After Patricia Body, the board vice president, heard from many people who were upset by the district’s plan to stop recognizing Columbus Day, she asked the board to defer the proposal.
Body said she supports the idea of removing Columbus Day and instead recognizing Indigenous Peoples Day, but she would like the school board to execute it in a way “…where we are not disenfranchising somebody.”
There was only one board member who voted against tabling the item. Commissioner Katie Sojewicz said Columbus Day makes not only Native Americans, but also many other people, uncomfortable.
Every year, students across the United States have off of school for many holidays, including Columbus Day. While days off and vacations are the activities that make families most happy, with 37% of families saying vacations make them happy, there is controversy over celebrating Columbus Day.
Nationwide, more and more schools are replacing Columbus Day on their calendars with Indigenous Peoples Day.
Since 1991, cities, universities, and a few states have chosen to adopt Indigenous Peoples Day. Activists have long argued that holidays and other memorials to Columbus sanitize his actions, which involved the enslavement and ill-treatment of Native Americans, while crediting him the discovery of a place that already had inhabitants.
While this holiday is said by Native American groups to embrace colonialism, there are Italian-Americans who see the notion to remove Columbus Day as disrespectful to their heritage.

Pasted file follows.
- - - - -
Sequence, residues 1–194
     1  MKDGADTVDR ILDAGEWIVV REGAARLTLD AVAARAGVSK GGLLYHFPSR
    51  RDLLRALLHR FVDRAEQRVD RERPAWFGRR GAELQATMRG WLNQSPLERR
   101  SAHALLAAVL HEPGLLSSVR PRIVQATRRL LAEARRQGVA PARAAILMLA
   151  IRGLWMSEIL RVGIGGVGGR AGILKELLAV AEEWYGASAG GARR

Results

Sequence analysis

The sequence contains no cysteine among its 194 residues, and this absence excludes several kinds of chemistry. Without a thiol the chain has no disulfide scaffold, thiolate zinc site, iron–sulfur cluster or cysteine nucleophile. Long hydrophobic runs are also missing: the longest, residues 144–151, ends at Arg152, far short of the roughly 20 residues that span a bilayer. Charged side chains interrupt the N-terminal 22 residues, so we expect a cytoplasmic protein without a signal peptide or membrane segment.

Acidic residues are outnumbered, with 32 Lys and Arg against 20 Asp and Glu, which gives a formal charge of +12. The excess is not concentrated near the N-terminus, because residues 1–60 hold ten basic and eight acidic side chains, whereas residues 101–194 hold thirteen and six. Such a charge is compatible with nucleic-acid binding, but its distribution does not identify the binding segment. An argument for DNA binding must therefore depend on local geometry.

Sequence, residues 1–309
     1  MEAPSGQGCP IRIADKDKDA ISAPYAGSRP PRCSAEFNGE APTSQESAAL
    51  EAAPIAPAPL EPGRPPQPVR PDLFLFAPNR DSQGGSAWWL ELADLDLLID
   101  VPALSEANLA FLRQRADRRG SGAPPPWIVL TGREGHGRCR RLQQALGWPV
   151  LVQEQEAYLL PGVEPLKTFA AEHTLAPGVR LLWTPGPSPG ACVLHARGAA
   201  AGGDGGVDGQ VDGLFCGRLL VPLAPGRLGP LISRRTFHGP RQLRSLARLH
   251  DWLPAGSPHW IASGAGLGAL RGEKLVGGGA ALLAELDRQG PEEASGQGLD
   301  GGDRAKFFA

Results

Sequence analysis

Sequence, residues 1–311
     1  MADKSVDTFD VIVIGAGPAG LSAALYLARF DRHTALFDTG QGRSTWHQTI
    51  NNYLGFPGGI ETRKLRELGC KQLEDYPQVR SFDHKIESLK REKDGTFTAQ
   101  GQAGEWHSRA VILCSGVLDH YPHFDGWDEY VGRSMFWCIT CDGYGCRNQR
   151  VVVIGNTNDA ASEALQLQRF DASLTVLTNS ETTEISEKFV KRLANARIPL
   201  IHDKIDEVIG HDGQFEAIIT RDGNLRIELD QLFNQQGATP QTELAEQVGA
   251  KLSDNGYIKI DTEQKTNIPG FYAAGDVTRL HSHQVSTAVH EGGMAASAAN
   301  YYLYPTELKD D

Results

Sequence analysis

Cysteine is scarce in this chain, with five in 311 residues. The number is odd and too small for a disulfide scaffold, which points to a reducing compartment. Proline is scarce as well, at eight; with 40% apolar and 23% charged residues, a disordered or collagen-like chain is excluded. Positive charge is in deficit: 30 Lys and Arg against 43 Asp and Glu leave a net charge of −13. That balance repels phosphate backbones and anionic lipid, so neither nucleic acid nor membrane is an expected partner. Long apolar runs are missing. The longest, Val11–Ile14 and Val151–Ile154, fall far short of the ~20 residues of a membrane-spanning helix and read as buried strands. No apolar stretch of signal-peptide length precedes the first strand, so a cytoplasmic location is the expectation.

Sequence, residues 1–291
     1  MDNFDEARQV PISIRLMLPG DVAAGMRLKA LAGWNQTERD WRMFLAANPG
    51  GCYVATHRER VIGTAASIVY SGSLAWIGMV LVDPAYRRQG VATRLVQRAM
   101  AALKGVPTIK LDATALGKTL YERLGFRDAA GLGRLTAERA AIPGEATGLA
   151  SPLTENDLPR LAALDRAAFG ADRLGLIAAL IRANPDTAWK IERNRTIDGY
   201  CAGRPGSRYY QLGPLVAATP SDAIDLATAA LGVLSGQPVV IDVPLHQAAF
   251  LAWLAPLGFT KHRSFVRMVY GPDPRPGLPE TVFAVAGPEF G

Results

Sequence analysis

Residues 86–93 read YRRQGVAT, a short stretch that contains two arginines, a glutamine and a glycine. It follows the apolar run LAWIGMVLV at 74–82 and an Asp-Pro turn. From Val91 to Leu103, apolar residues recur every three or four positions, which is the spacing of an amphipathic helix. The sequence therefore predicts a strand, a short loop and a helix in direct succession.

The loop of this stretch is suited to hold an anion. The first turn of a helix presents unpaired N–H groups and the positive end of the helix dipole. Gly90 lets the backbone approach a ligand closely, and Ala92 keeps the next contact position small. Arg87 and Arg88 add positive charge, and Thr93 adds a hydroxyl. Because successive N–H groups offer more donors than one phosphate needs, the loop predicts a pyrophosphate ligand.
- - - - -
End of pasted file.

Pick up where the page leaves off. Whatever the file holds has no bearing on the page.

After a story was published about the proposal on Monday, board members heard complaints from residents, although no complaints were raised that were related to heritage.
The proposal stated that the board was attempting “…to combat prejudice and eliminate discrimination stemming from colonization and to promote awareness, understanding, and good relations among Indigenous Peoples and all other stakeholders of the District.”
The resolution also included statements about Syracuse and Onondaga County being the original home of the Onondaga Nation, and how the board wanted to acknowledge the Onondaga’s part in creating the region’s culture and history.
Derrick Dorsey, board president, made a statement about needing more community discussion, saying, “There’s a lot of voices that have not had an opportunity to be heard.”
Dorsey said the board will wait to revisit the proposal this spring.
A proposal was submitted earlier this year by Nyshawn Pierce, a former Henninger High School student, asking the district to change Columbus Day to Indigenous Peoples Day.